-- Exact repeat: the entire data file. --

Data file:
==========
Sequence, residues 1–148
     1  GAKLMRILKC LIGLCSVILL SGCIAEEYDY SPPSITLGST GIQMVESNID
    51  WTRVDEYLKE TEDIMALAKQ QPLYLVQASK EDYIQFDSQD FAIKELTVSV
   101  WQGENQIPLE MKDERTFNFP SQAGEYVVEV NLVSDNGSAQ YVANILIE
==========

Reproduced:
Sequence, residues 1–148
     1  GAKLMRILKC LIGLCSVILL SGCIAEEYDY SPPSITLGST GIQMVESNID
    51  WTRVDEYLKE TEDIMALAKQ QPLYLVQASK EDYIQFDSQD FAIKELTVSV
   101  WQGENQIPLE MKDERTFNFP SQAGEYVVEV NLVSDNGSAQ YVANILIE